Antibodies are an important immune mechanism for clearing most viruses and long-lived antibodies form the functional basis of all currently used vaccines. Long-lived anti-viral antibody responses are generated via interactions between virus-specific B cells and virus-specific T follicular helper (Tfh) cells, which are a novel subset of CD4+ T cells that preferentially express CD40 ligand and IL-21 - factors that promote B cell proliferation and differentiation. Although the production of long-lived antibody responses requires help from Tfh cells, the factors that control Tfh differentiation are poorly understood. Our preliminary data demonstrate that high levels of IL-2 inhibit the differentiation of Tfh cells. Therefore, we hypothesize that the mechanisms that control IL-2 production, IL-2 signaling and IL-2 availability will also control the differentiation of Tfh cells and either promote or prevent anti-viral antibody responses. The experiments in Project 1 will determine how the persistence of viral antigen, the availability and type of costimulation, and the production and availability of IL-2 regulate T follicular helper differentiation and thus control long-lived antibody responses. Experiments in Aim 1 will test whether different types of virus infection (chronic-systemic, acute-systemic or acute-local) alter TCR signaling, IL-2 receptor expression and IL-2 production and thus, lead to changes in Tfh differentiation and antibody responses. Experiments in Aim 2 will test whether changes in costimulation or the expression of costimulatory receptors alter IL-2 production and Tfh differentiation. Experiments in Aim 3 will test whether external factors, such as IL-2 consumption by Tregs, alter IL-2 availability and control Tfh differentiation and antibody production.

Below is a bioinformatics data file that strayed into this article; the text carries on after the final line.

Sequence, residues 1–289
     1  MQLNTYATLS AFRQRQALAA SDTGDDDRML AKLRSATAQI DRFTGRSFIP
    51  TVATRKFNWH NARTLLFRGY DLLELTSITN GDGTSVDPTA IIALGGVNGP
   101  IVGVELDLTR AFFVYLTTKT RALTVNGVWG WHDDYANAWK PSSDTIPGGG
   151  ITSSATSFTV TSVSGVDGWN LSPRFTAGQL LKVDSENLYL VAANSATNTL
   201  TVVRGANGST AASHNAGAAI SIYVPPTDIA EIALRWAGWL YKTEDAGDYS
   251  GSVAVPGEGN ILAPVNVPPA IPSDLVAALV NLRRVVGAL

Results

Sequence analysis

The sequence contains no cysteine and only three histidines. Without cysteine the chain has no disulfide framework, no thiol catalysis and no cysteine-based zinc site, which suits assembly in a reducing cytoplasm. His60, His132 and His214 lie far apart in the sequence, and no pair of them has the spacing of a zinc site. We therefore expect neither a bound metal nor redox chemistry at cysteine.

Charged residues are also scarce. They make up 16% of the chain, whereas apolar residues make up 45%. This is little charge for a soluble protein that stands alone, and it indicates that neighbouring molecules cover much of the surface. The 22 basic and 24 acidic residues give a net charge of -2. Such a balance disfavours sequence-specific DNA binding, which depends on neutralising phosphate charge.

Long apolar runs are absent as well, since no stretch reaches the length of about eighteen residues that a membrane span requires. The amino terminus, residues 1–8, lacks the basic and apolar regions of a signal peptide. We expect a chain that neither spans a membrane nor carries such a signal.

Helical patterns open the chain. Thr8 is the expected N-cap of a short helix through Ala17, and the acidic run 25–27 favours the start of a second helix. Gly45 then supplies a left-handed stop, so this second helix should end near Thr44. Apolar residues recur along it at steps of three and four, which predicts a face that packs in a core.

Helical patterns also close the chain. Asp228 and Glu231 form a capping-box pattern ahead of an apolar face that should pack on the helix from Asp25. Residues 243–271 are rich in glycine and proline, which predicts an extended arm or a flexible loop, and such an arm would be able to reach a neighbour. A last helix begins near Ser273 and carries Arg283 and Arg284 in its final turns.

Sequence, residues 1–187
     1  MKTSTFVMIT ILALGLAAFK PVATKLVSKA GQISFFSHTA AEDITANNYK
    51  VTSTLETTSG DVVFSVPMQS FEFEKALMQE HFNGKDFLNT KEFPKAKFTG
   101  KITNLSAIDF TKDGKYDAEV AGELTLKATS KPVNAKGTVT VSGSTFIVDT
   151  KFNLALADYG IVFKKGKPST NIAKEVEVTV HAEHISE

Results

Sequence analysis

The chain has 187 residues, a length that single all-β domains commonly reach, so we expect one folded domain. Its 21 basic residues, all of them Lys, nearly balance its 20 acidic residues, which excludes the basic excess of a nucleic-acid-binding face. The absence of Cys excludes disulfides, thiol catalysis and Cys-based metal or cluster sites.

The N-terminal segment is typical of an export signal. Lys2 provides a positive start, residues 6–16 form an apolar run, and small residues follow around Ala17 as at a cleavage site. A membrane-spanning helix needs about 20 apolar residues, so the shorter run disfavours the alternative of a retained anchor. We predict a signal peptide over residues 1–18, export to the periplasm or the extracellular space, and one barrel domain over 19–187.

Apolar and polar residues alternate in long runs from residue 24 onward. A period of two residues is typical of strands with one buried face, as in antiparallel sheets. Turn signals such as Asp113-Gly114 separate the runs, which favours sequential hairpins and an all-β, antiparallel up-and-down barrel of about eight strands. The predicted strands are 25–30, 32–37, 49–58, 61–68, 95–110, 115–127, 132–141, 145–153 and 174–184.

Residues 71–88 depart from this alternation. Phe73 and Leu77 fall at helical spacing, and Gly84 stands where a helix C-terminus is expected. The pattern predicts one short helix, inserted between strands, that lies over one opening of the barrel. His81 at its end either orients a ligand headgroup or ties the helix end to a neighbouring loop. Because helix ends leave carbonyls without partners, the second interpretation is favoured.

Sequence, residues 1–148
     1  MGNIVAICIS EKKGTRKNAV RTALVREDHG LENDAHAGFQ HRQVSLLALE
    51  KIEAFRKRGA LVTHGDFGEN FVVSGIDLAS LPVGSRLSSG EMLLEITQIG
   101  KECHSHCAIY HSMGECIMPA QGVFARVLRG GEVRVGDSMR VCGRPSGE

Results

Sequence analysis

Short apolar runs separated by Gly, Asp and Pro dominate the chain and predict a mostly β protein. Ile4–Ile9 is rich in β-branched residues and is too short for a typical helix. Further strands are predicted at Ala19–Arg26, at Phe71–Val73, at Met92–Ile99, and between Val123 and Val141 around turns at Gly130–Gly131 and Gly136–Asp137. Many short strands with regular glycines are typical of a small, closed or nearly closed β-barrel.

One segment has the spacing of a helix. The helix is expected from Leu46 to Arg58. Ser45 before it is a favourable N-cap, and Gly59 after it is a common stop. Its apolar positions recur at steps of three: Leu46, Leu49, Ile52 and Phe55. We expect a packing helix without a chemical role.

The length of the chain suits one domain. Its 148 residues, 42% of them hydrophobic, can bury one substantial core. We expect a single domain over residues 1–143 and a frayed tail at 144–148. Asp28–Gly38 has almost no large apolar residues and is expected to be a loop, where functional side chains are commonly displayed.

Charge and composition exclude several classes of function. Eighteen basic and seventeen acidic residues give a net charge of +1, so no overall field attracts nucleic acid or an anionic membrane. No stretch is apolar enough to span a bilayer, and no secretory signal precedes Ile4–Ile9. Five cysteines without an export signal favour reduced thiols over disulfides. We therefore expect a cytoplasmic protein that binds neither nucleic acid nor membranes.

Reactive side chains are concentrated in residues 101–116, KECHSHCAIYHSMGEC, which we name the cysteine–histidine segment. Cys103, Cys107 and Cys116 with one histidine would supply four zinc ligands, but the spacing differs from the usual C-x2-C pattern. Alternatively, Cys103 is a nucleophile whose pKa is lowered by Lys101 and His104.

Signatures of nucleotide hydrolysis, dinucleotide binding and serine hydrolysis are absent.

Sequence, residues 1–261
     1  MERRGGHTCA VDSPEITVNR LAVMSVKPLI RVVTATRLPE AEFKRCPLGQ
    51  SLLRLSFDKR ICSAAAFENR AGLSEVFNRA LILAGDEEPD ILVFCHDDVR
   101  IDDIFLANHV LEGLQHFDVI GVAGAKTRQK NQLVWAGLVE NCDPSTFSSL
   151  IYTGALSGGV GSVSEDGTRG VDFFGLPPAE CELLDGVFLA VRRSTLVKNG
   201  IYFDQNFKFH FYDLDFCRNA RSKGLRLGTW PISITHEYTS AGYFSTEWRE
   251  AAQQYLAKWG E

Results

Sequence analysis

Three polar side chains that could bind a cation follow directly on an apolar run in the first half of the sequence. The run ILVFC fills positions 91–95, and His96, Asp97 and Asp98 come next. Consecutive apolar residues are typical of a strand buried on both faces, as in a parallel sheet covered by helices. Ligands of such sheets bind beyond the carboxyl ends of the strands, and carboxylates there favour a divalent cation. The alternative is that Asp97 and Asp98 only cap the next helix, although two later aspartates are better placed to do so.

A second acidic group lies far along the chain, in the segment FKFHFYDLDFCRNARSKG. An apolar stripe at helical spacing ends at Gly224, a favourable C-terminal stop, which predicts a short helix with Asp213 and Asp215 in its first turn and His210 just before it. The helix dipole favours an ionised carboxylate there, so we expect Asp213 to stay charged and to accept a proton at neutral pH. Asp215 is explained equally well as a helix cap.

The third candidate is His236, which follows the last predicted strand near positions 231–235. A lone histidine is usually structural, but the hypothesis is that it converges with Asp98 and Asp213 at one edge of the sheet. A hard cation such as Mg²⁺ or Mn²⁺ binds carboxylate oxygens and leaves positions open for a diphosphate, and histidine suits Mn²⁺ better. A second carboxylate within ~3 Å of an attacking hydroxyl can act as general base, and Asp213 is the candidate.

Public Health Relevance

Antibodies are important for the clearance of most viruses and are the functional basis of all currently used vaccines. Although the production of long-lived antibody responses requires help from T follicular helper cells, the factors that control the differentiation of T follicular helper cells are poorly understood. The experiments in Project 1 will determine how the persistence of antigen, the availability and type of costimulation, and the production and availability of IL-2 regulate T follicular helper differentiation and thus control long-lived antibody responses.

Agency
National Institute of Health (NIH)
Institute
National Institute of Allergy and Infectious Diseases (NIAID)
Type
Research Program--Cooperative Agreements (U19)
Project #
1U19AI109962-01
Application #
8677084
Study Section
Special Emphasis Panel (ZAI1-ZL-I (J1))
Project Start
Project End
Budget Start
2014-08-01
Budget End
2015-07-31
Support Year
1
Fiscal Year
2014
Total Cost
$302,883
Indirect Cost
$66,144
Name
University of Alabama Birmingham
Department
Type
DUNS #
063690705
City
Birmingham
State
AL
Country
United States
Zip Code
35294